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the Complete Review
the complete review - fiction


Azuchi Satoshi

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To purchase Supermarket

Title: Supermarket
Author: Azuchi Satoshi
Genre: Novel
Written: 1981 (Eng. 2009)
Length: 329 pages
Original in: Japanese
Availability: Supermarket - US
Supermarket - UK
Supermarket - Canada
  • Originally published as 小説流通産業 and then re-titled 小説スーパーマーケット
  • Translated by Paul Warham

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Our Assessment:

B- : sincere but obvious business novel, of some cultural/sociological -- and little literary -- interest

See our review for fuller assessment.

Review Summaries
Source Rating Date Reviewer
San Francisco Chronicle . 18/2/2009 Ron Loewinsohn

  From the Reviews:
  • "In addition to having simplistic characters, the novel is unwittingly sexist and homophobic; women and gays turn out to be the cause of many of the wrongs that Kojima struggles to correct. In spite of these weaknesses, Supermarket gives readers a multilayered glimpse not just of corporate Japan but of a complex human organization. Even more important, it offers insights into the difficulty of perceiving the spiritual dimension of relationships." - Ron Loewinsohn, San Francisco Chronicle

Please note that these ratings solely represent the complete review's biased interpretation and subjective opinion of the actual reviews and do not claim to accurately reflect or represent the views of the reviewers. Similarly the illustrative quotes chosen here are merely those the complete review subjectively believes represent the tenor and judgment of the review as a whole. We acknowledge (and remind and warn you) that they may, in fact, be entirely unrepresentative of the actual reviews by any other measure.

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The complete review's Review:

       The central figure in Supermarket is Kôjima Ryôsuke, a young man with a promising career at a major bank who gives it up and takes up the challenge of working at his cousins' supermarket chain. He starts there in 1969 and, while most of the novel centers on his early struggles to help run the business, the story continues to the mid-1970s (when the fruits of his labor are evident).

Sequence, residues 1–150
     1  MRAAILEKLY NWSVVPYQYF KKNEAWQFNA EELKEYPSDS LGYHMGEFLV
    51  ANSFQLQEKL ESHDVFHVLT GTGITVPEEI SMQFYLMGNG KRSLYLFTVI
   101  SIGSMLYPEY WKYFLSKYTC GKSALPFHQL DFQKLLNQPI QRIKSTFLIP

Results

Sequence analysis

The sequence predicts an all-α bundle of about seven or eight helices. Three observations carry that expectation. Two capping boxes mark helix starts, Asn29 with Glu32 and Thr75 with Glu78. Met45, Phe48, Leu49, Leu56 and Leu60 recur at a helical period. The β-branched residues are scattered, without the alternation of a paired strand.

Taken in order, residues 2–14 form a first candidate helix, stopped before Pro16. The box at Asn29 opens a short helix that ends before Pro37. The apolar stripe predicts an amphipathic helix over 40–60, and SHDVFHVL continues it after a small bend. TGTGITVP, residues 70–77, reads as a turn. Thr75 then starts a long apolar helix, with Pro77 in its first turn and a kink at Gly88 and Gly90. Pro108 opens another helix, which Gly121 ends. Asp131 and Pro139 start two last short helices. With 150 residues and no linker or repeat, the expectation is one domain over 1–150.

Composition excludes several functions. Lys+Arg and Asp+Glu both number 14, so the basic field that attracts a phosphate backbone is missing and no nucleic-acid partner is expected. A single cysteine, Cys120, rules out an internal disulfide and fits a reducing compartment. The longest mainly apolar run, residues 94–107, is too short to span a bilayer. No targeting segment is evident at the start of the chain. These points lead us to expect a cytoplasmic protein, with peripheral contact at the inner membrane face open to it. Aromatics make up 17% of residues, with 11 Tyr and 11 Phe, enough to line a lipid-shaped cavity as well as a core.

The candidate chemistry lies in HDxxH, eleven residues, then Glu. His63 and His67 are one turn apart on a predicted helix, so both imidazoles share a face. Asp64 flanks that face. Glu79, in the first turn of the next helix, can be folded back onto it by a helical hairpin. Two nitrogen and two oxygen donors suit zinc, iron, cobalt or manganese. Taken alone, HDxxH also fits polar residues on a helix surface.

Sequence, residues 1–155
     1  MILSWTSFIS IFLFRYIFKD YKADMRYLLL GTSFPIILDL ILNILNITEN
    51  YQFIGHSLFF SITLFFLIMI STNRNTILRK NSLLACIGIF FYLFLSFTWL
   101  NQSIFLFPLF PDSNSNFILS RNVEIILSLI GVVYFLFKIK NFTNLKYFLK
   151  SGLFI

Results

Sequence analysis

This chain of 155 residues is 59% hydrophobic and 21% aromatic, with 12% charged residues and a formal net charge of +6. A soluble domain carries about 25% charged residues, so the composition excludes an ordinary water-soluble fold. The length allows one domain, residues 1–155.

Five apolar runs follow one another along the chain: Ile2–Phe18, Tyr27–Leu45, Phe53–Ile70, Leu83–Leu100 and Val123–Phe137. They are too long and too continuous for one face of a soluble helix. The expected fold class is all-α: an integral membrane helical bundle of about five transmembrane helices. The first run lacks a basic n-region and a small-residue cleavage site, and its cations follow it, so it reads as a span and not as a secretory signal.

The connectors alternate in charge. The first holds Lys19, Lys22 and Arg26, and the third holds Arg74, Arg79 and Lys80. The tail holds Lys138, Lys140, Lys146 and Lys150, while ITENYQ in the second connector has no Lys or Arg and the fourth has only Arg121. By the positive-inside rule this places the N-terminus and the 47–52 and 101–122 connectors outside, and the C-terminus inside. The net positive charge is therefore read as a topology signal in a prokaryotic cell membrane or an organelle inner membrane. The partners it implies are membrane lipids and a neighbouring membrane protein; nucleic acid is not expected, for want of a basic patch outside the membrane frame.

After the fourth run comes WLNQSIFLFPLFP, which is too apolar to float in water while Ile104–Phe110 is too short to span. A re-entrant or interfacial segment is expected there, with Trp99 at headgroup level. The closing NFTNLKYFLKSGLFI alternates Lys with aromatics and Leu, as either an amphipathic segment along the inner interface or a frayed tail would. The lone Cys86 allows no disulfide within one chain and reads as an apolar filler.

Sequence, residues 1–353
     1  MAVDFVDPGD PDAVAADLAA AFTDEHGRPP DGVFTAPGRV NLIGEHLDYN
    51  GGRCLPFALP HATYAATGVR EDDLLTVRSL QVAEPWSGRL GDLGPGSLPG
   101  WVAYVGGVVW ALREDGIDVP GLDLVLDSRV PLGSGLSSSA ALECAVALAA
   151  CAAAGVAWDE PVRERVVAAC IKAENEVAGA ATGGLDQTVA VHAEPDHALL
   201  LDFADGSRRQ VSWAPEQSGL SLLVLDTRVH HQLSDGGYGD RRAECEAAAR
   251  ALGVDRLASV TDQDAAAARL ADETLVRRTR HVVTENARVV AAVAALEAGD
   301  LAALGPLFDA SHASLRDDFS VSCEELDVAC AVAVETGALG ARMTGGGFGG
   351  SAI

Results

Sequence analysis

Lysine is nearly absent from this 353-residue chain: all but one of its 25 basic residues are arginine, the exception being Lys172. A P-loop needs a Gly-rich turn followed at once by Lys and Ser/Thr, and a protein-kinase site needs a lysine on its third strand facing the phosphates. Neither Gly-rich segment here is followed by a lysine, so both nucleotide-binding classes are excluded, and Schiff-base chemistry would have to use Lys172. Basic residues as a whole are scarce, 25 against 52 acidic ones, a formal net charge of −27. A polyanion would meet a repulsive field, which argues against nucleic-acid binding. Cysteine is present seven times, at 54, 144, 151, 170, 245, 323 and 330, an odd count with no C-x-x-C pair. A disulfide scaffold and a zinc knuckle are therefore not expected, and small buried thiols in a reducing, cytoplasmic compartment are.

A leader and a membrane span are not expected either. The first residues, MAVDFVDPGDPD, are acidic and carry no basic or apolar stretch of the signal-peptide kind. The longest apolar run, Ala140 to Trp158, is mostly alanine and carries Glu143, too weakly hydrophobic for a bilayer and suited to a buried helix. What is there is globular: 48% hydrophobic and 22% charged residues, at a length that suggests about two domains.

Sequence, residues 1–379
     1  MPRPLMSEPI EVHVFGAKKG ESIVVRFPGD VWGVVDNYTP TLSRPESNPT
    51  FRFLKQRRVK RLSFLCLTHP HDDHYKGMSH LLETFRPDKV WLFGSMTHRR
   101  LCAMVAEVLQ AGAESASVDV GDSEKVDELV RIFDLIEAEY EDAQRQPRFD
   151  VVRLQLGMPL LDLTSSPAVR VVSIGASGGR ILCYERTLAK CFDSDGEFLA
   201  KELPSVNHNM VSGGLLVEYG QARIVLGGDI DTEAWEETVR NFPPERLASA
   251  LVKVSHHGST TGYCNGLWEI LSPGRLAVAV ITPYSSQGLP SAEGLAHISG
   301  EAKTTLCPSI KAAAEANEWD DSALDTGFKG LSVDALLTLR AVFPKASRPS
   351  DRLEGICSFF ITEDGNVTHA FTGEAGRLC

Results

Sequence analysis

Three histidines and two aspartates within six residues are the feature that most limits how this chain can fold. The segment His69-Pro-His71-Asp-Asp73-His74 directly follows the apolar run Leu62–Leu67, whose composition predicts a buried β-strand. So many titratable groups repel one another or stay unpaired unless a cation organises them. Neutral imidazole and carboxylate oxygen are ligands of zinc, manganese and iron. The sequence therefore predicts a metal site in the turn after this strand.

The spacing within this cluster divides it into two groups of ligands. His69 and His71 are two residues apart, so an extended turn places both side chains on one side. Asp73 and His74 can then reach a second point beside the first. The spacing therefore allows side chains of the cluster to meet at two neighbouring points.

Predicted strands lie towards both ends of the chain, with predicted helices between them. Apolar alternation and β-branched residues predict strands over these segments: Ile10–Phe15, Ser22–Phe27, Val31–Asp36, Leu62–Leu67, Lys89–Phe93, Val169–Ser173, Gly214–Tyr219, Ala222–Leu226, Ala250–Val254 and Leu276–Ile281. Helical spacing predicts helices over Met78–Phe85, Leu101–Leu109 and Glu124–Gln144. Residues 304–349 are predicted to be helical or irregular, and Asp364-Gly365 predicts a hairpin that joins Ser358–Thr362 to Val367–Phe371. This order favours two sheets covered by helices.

The Ishiei Stores supermarket chain is fairly small, but has been expanding for several years now. They seem to do good business in the clothing and sundries departments -- yes, 'supermarket' here means a very general store -- but lose money on their fresh produce and meat and fish (i.e. the grocery store basics). Kôjima is brought in by Ishikari Seijirô, the cousin he is closer to, but it is the older, Ishikari Eitarô, who is the (very hands-off) boss who actually owns the company. Seijirô would rather quit and open a calligraphy school, and while there's a competent man who has gotten things into what appears like shape, Ichimura, well ... "the best businessmen don't always make the best managers." So Kôjima is to join the company and be groomed to take over.
       The observant and meddling Kôjima immediately sees lots of what is wrong, and makes some suggestions. Employees are wary -- and Ichimura's supporters want to gang up against him -- but some of the changes prove very effective, from pricing to the display of food. This isn't very exciting, but it is modestly entertaining: typical workplace fiction with a focus on how to achieve success.
       There's also a much deeper-seated rot, however, though it takes Kôjima a while to figure that out. He has his suspicions, but it's difficult to find proof, especially in a business culture where questioning another man's actions is almost impossible to do without causing great offense, and bringing heaps of problems.
       Even when Kôjima and his supporters feel certain about what is going on, they're very slow to take action -- even when:

     "It's beyond reasonable doubt. We've always suspected something fishy was going on -- we just didn't know what it was. It's like Kitô said: No matter how much profit we make, not one store has really gained the support of its customers. It's because of the falseness of the company.
       Supermarket is fascinating for the glimpse of Japanese business 'ethics' it affords. Kôjima is almost undone within the company when a rumor spreads that he -- a married man, though his wife is almost entirely absent -- has been sleeping with a secretary (a rumor that is false). Meanwhile, an employee who rapes another employee is barely even disciplined (much less reported to the police). And two male employees are blackmailed into keeping silent about (and then participating in) a criminal conspiracy by the threat of exposure of their homosexual affair; when they commit suicide the entire thing is hushed up, and barely any heads roll.
       The major rip-off that has been going on at the store is finally revealed, but that brings out into the open in what dire straits the company actually is: rather than turning a decent profit, the company is deep in the red. Kôjima's solution ?
     "We need to keep the truth from the president. That buys us time to come up with a strategy for getting the company back on the rails within the next few years. In other words, for the next five years, we have to feed the president misleading reports of the company's performance while we work to get the figures back into the black. With any luck we should be able to bring the true figures in line with the reports within five years."